Cartoon Network is the number one destination for anyone who wishes to watch anything animated. They have it all–from action-packed to comedy; Cartoon Network has given us some of the best shows throughout the years. It doesn’t matter what decade or era you look at, Cartoon Network had something great to offer. With so many cartoons to choose from, we’ve managed to narrow down some of our cartoon favorites from the classics to the most modern shows. Here are our picks for the top 20 Cartoon Network shows of all-time (in no particular order).
1. Teen Titans
There’s no shortage of laughs and action in this series based on the DC characters of the same name. Since it premiered on CN back in 2003, Teen Titans has become the most beloved series on the network. Apart from the laughs and action, Teen Titans manages to tackle serious themes and handle character development like no other animated series could. The series had a five-season run, with reruns continuing to air on the network to this day. Younger generations stumble upon the show and fall in love with it much like previous watchers did almost 15 years ago.
2. Dexter’s Laboratory
Is there anything more adorable than this tiny boy genius and all the inventions he comes up with in his secret laboratory? Dexter’s Laboratory was truly a work of art. It’s one of those shows that made you laugh for no reason. The relationship that Dexter had with his annoying sister Dee Dee was one of the best parts of the show, and of course, the competition he had with fellow genius Mandark was just as interesting. Dexter’s constant battles with Dee Dee and Mandark are hilarious. While he may be highly intelligent, his carelessness and overexcitement take over most of the time, causing him to fail miserably at his inventions. Everyone’s favorite part of this show is Dexter’s extremely thick accent despite the fact that he comes from an all-American family so it really makes no sense. That’s why it’s so funny, right?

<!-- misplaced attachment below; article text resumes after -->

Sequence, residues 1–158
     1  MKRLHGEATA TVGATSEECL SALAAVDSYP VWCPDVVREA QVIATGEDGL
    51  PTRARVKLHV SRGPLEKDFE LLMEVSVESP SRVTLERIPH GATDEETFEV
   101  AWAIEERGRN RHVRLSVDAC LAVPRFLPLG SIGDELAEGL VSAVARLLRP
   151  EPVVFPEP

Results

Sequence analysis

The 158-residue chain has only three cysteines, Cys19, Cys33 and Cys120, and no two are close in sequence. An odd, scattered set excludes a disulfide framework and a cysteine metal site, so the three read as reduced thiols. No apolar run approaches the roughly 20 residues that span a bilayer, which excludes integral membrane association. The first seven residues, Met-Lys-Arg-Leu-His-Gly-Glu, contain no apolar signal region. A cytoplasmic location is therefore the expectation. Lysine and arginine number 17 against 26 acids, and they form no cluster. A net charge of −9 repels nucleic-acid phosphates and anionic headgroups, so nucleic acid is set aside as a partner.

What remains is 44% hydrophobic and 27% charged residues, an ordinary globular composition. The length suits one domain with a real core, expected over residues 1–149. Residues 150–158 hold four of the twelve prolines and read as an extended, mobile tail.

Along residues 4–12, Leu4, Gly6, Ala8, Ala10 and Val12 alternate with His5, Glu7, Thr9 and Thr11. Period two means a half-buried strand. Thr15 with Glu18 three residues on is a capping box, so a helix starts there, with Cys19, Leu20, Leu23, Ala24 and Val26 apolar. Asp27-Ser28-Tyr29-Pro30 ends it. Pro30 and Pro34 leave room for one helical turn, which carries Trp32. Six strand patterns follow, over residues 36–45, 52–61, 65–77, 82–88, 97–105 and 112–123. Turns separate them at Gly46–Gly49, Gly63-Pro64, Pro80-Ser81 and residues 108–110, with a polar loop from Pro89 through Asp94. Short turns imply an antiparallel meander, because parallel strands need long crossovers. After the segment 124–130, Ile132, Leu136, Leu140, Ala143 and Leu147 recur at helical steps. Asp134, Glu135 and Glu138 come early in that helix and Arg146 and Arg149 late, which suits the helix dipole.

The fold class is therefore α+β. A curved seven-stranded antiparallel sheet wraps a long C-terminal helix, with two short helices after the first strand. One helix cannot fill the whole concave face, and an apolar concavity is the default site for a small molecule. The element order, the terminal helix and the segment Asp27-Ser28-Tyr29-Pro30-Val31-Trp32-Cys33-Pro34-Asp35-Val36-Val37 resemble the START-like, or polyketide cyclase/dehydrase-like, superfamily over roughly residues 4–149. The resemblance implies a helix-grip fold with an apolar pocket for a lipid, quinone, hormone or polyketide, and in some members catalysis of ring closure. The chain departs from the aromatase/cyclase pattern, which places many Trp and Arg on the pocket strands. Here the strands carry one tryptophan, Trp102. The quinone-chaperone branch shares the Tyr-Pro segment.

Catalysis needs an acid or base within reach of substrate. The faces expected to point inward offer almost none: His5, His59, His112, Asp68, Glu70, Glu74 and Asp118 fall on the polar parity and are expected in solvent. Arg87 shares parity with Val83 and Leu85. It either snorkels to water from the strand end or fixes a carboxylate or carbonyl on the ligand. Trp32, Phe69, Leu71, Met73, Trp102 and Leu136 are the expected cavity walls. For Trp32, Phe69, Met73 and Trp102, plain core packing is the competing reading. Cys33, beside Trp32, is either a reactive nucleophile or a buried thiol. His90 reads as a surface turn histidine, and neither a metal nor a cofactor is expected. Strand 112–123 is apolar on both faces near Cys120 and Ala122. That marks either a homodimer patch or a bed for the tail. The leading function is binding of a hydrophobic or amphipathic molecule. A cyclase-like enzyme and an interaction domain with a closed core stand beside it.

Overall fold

3. Ed, Edd n Eddy
Who knew that the story of three preteen boys, who happen to share the same name, could be so entertaining? Perhaps it’s because the Eds were so relatable; we’ve all done what they used to do anyway. It was the perfect depiction of life in the cul-de-sac, where kids do what they do best: try to get the other kids for their money. Unfortunately, as brilliant as the Eds’ plans may sound, they always failed miserably. All we know is that it made for good television.
4. Foster’s Home for Imaginary Friends
Picture a world where your imaginary friends are real; well, that’s the basic premise of this highly successful CN show. In eight-year-old Mac’s world, imaginary friends are as real as any other human being, and he’s got one of his own: Bloo. However, Mac’s mom doesn’t like Bloo and wants Mac to get rid of him for some reason. So the two friends try to figure out how to go around this situation. That’s how they find a solution in an abandoned home that seems to attract all other unwanted imaginary friends. The show mainly focuses on Bloo’s misadventures but follows other interesting imaginary friends and animals that live in this house.
5. Powerpuff Girls
Blossoms, Bubbles, and Buttercup were the perfect combinations of sugar, spice, and everything nice. The superpowered trio always managed to save the day from all the criminals using their abilities. They may have been tiny, but they were packed with powers. Blossom, the leader, could freeze anything with her breath. Bubbles, the sweetest of the three girls, could emit sonic waves. Lastly, Buttercup was the toughest fighter. Although she lacked a unique ability, she made up for it with tons of fighting will and strength.
6. Codename: Kids Next Door
This cartoon had all the elements of what kids’ lives should be about: friends, secret hideouts, tree houses, and codenames. However, the adventures of these five kids in the neighborhood were brought on by the fact that they’re actually part of a larger global organization called Kids Next Door. The show ran from 2002 until 2008 and has become a favorite among many kids of all ages (adults included) that followed Cartoon Network. It’s interesting to imagine what the Kids Next Door might be up to these days, 10 years after the last episode of the series aired.